by Steve Lonsway
Before kiln drying became commonplace in the 18th century, brewers had to find other methods to dry their brewers malt. Some used the power of the sun and others used wood fires. When using wood fires, the grains captured the smoke flavor, which came through in the final product and could be quite desirable. But when kiln drying became available, it was used almost universally and all but ceased the production of smoked beers.
A few breweries stayed with the older, traditional methods of fire-drying their malt and specialized in the production of smoked beer. They used beechwood logs to maintain the fires used to dry the malt. A couple of those breweries are in Bamberg, Germany and have been producing smoked beers for well over a century. They store their malt and fermenting beers in catacombs that date back to the 11th century. These catacombs are underneath their breweries and are ideal because they maintain the desired temperatures and moisture levels. Before industrialized cooling methods were used, ice would be harvested from as far away as Finland and Sweden and brought to the catacombs to maintain cellar temperatures in warmer months.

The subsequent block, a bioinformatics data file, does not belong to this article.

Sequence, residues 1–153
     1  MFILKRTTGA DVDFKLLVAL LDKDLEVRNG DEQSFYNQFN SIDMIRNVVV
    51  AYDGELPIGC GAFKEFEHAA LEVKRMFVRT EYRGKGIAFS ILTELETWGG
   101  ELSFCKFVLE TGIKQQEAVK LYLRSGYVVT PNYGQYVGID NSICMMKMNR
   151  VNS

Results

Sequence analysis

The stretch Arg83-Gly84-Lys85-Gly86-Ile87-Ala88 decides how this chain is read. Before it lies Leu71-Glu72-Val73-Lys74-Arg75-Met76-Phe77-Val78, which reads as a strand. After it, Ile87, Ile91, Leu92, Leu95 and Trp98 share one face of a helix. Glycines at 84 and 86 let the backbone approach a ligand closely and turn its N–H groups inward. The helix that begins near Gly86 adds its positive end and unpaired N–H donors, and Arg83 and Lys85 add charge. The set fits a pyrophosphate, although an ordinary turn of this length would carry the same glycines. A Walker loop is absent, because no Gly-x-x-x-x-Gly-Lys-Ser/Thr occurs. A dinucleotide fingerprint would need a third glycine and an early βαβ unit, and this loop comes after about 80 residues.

When shopping for German varieties, you’ll want to look for “rauchbiers” which translates to “smoke beer” in German. The most common imported brand is Schlenkerla, and they market several different varieties of smoke beers to the U.S. Bamberg is also home to as many as nine other smoke beer producers, and because of this continued tradition, they are called Bamberg Rauchbiers. However, Germany is not the only country to produce this beer style. They are currently produced all over the world.
American craft breweries are well aware of the style and many amazing examples can be found right here in our great nation. Probably the most popular version is Alaskan Smoked Porter from Alaskan Brewing Company based in Juneau. They started brewing their version in 1988 and have won numerous awards ever since. Instead of the German beechwood logs, Alaskan uses local alder wood and smoke the malt in small batches. This beer becomes available each year in early November and is well worth the search. It also ages like a fine wine, so buy a few to add to your cellar.
For a real treat, pair foods with your favorite smoked beers. Barbecued meats, smoked salmon, and charcoal-grilled steaks are all no-brainers. Charcuterie boards are made for smoked beer pairings, especially with smoked cheeses or lighter, creamier cheeses. For amazing dessert pairings, try pumpkin pie and vanilla ice cream. If you really want an earth-shattering experience, pair it with a freshly baked slice (or two) of pecan pie.